The cutter is just a breaking ball. It is similar to a slider, and the two pitch classifications can often be interchanged. I will use “cutter” to describe a pitch that gets a very short 2 to 8 break from a right-hander (10 to 4 from a left-hander) and appears to be purposefully spun like a breaking ball. Do not confuse my definition of a cutter with a cut fastball.
A knuckle curve flies the same as a standard curveball. However, the grip of the knuckle curve has the index finger folded such that the finger nail is resting flat against the baseball, or the tip of the index finger is resting (or spiked) on the baseball. This grip is intended to minimize the drag of the index finger and create a tighter spin.
A slurve is basically a slow version of a slider. I will call a pitch a slurve only in rare occasions.
An offspeed pitch can best be described as a relatively straight pitch thrown about 10 mph slower than the fastball. Most pitchers have some type of offspeed pitch in their repertoire. A typical offspeed pitch will be thrown between 77-87 mph. Offspeed pitches are normally intended to fool hitters by appearing to be a fastball.
The changeup is the most common offspeed pitch. El cambio is one of the most difficult pitches to master, and there are many different grips employed. Some of the different changeup grips are the circle change, palmball, straight changeup, and vulcan changeup. The circle change is known to create dramatic movement similar to a 2-seam fastball.
Basically, the goal of any pitcher is to create as much drag as possible when releasing the changeup. The ball will be buried deep into the pitcher’s hand to create the drag, but thrown with the same arm action as the fastball to create deception.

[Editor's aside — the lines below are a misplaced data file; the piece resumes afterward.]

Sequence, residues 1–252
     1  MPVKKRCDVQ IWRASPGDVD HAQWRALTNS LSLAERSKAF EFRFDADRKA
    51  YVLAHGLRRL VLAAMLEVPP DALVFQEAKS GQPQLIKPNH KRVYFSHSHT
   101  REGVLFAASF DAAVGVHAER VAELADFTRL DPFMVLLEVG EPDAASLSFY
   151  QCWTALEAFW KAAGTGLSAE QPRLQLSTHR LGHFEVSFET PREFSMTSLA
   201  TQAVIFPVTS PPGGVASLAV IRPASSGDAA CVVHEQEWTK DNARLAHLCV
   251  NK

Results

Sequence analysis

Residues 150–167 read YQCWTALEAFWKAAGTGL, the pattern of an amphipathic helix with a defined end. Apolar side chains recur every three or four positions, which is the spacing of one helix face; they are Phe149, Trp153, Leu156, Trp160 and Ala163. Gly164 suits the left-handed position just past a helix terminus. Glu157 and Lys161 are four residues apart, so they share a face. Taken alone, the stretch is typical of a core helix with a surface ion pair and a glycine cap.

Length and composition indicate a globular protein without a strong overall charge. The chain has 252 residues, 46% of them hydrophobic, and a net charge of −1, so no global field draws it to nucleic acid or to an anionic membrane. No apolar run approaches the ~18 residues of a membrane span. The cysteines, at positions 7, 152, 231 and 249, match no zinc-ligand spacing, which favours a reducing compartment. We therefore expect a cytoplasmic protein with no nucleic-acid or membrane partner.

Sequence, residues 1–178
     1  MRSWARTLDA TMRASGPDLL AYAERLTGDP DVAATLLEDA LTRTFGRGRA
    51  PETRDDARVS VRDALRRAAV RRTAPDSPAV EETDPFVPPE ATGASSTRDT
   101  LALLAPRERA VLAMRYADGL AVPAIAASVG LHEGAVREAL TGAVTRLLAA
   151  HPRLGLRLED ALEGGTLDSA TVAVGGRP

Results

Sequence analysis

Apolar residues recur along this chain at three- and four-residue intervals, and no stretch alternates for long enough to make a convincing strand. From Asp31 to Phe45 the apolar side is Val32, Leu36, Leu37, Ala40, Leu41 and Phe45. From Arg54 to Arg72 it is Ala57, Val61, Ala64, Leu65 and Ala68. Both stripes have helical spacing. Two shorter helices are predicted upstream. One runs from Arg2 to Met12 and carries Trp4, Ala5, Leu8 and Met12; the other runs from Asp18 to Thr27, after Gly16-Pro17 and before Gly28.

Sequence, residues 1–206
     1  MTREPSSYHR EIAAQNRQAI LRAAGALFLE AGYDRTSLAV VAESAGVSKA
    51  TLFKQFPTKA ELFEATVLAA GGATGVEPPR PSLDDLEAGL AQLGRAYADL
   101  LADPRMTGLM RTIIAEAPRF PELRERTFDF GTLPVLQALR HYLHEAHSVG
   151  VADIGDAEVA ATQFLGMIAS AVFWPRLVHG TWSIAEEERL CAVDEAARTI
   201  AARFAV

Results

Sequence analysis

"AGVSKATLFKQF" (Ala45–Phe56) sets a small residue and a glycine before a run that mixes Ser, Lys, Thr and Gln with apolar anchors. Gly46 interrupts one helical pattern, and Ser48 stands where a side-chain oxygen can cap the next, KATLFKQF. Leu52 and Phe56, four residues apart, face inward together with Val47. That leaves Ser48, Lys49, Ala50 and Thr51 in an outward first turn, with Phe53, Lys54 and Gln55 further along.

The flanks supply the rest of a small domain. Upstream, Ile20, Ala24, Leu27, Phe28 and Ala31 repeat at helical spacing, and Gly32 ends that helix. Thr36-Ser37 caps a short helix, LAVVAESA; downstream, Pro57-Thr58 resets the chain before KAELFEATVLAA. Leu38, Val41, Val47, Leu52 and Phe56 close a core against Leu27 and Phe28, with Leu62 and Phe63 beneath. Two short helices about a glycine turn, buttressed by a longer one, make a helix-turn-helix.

As of now, I do not differentiate between the different types of changeups in my repertoires.
The splitter is often erroneously classified as a fastball. In reality, it is designed to look like a fastball, but be something completely different. A properly thrown splitter will fly towards home plate looking like a fastball, before diving towards the ground as it nears the batter. A splitter will also be 5-10 mph slower than the fastball. The grip is simple, the execution is not. Pitchers hold a 2-seam fastball, then spread the index and middle fingers until they are nearly halfway down the sides of the ball. When released, the idea is to create some forward spin, which will make the ball tumble towards home plate. The thumb is kept underneath the baseball to try and stop any backspin while the split fingers are pulling down the front of the ball.
The action on a splitter will often vary between pitchers. Some pitchers get dramatic movement on it, while others use it like a straight changeup. I will use the terms “splitter” and “split-finger” interchangeably.
The forkball is a version of the splitter. However, the forkball gets very little rotation, making it slowly tumble towards home plate like a knuckleball. To grip a forkball, a pitcher will stuff the baseball deep between his index and middle fingers. Jose Contreras owns the best example of a true forkball in today’s game.
The screwball is basically a circle changeup. It is thrown with a hard pronation of the arm, which creates arm side run and sink. I will only use the term “screwball” for pitchers that throw two different changeups.
The knuck-piece. It’s a pitch that simply has no rotation. It appears frozen in air, with the seams resting in place. Eventually, this lack of rotation makes the ball move unpredictably. The knuckleball is thrown softly, with the emphasis being on proper release, allowing for the lack of spin. Pitchers who throw the knuckleball will usually use it as their only pitch, mixing in a fastball only when necessary.
Myths and Legends
By now I’ve watched plenty of video of this pitch and I think I have an idea of what it’s supposed to be. It’s thrown like a football, so instead of having back spin or front spin, it has side spin. Basically, it sounds like a poorly thrown slider to me. If this pitch works, it’s because batters see the spin, they swing for a breaking ball, but the pitch either doesn’t move or sinks under their hands. Conclusion: it’s an intentional backup slider.
The old lob ball. It’s a gimmick that looks like something out of a slow-pitch softball game. The eephus pitch is said to be invented by Rip Sewell.